Report on Santa Maria (Guatemala) — 27 December-2 January 2007
Smithsonian / US Geological Survey Weekly Volcanic Activity Report, 27 December-2 January 2007
Managing Editor: Sally Kuhn Sennert
Please cite this report as:
Global Volcanism Program, 2006. Report on Santa Maria (Guatemala). In: Sennert, S K (ed.), Weekly Volcanic Activity Report, 27 December-2 January 2007. Smithsonian Institution and US Geological Survey.
14.757°N, 91.552°W; summit elev. 3745 m
All times are local (unless otherwise noted)
INSIVUMEH reported that on 28 December a series of small sector collapses from the SW edge of Santa María's Caliente dome produced pyroclastic flows that traveled about 2 km down a ravine. On 29 December, another collapse produced pyroclastic flows and incandescent blocks. Thick ash plumes associated with the pyroclastic flows on both days reached an altitude of 4.3 km (14,000 ft) a.s.l. and drifted W and NW. According to the Washington VAAC, minor emissions of gas and possible ash were visible on satellite imagery on 1 and 2 January. The narrow ash plumes drifted WSW.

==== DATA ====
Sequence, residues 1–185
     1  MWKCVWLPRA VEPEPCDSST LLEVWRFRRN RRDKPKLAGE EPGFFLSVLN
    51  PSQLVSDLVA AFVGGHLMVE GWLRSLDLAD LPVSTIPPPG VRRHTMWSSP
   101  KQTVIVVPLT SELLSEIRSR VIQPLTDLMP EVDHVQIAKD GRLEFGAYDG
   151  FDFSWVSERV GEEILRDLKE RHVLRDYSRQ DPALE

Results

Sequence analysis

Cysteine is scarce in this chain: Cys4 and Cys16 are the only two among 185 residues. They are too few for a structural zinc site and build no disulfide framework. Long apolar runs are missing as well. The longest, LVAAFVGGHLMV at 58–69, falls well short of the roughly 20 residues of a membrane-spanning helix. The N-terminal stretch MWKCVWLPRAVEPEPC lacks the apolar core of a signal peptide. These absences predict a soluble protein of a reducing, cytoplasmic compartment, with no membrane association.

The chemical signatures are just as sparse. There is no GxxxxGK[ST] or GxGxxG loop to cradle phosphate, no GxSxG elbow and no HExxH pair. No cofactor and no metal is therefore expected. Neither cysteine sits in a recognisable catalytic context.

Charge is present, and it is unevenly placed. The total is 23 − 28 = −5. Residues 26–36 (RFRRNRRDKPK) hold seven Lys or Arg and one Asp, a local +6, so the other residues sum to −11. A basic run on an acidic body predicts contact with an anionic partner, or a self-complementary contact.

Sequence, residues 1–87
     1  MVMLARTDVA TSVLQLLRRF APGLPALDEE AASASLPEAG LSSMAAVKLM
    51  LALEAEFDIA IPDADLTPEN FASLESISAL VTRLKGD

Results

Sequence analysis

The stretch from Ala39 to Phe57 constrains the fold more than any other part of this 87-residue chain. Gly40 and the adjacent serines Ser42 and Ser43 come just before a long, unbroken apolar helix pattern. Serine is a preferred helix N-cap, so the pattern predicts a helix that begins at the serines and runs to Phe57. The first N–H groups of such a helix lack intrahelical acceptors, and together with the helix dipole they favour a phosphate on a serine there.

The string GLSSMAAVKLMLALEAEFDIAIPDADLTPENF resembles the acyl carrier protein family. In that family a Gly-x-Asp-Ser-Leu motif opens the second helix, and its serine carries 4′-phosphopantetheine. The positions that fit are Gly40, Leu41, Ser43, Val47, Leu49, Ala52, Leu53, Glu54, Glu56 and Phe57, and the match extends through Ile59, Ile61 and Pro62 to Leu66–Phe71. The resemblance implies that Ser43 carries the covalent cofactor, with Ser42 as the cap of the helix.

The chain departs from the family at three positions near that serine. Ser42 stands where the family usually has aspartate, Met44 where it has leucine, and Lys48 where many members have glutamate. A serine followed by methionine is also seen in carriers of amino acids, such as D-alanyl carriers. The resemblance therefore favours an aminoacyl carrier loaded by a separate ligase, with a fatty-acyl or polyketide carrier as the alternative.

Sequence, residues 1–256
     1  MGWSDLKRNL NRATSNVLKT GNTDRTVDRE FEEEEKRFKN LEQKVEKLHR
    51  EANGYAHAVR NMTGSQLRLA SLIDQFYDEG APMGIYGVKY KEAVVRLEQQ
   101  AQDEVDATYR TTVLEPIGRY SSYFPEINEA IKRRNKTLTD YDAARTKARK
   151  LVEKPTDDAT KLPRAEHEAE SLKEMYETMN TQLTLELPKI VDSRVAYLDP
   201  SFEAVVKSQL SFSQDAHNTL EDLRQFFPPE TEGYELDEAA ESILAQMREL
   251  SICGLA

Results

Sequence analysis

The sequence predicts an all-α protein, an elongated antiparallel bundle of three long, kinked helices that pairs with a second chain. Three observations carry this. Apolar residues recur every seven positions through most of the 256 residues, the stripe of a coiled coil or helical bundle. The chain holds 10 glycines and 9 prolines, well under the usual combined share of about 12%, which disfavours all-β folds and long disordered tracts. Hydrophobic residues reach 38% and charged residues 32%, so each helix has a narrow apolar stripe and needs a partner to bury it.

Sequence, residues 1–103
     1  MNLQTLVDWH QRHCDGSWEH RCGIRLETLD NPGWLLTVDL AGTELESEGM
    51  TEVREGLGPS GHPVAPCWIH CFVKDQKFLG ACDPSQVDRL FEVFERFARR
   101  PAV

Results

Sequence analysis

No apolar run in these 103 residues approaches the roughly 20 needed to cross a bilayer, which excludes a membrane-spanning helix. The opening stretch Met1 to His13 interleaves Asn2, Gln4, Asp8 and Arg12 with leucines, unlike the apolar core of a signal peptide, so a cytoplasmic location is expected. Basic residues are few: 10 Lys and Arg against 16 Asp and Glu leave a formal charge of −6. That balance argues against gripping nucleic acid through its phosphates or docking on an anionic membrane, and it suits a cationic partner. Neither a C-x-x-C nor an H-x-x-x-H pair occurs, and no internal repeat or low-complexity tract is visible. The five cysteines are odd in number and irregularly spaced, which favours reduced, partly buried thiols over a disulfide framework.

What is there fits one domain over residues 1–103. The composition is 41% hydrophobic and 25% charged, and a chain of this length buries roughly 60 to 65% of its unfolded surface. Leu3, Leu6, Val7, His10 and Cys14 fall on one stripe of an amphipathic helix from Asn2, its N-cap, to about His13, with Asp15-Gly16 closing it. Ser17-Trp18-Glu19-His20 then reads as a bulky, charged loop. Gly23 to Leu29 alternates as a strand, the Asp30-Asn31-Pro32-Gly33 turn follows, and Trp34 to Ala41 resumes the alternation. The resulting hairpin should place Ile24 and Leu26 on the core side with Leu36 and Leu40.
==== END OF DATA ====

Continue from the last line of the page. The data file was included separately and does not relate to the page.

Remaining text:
Geologic Background. Symmetrical, forest-covered Santa María volcano is one of the most prominent of a chain of large stratovolcanoes that rises dramatically above the Pacific coastal plain of Guatemala. The 3772-m-high stratovolcano has a sharp-topped, conical profile that is cut on the SW flank by a large, 1.5-km-wide crater. The oval-shaped crater extends from just below the summit to the lower flank and was formed during a catastrophic eruption in 1902. The renowned plinian eruption of 1902 that devastated much of SW Guatemala followed a long repose period after construction of the large basaltic-andesite stratovolcano. The massive dacitic Santiaguito lava-dome complex has been growing at the base of the 1902 crater since 1922. Compound dome growth at Santiaguito has occurred episodically from four westward-younging vents, the most recent of which is Caliente. Dome growth has been accompanied by almost continuous minor explosions, with periodic lava extrusion, larger explosions, pyroclastic flows, and lahars.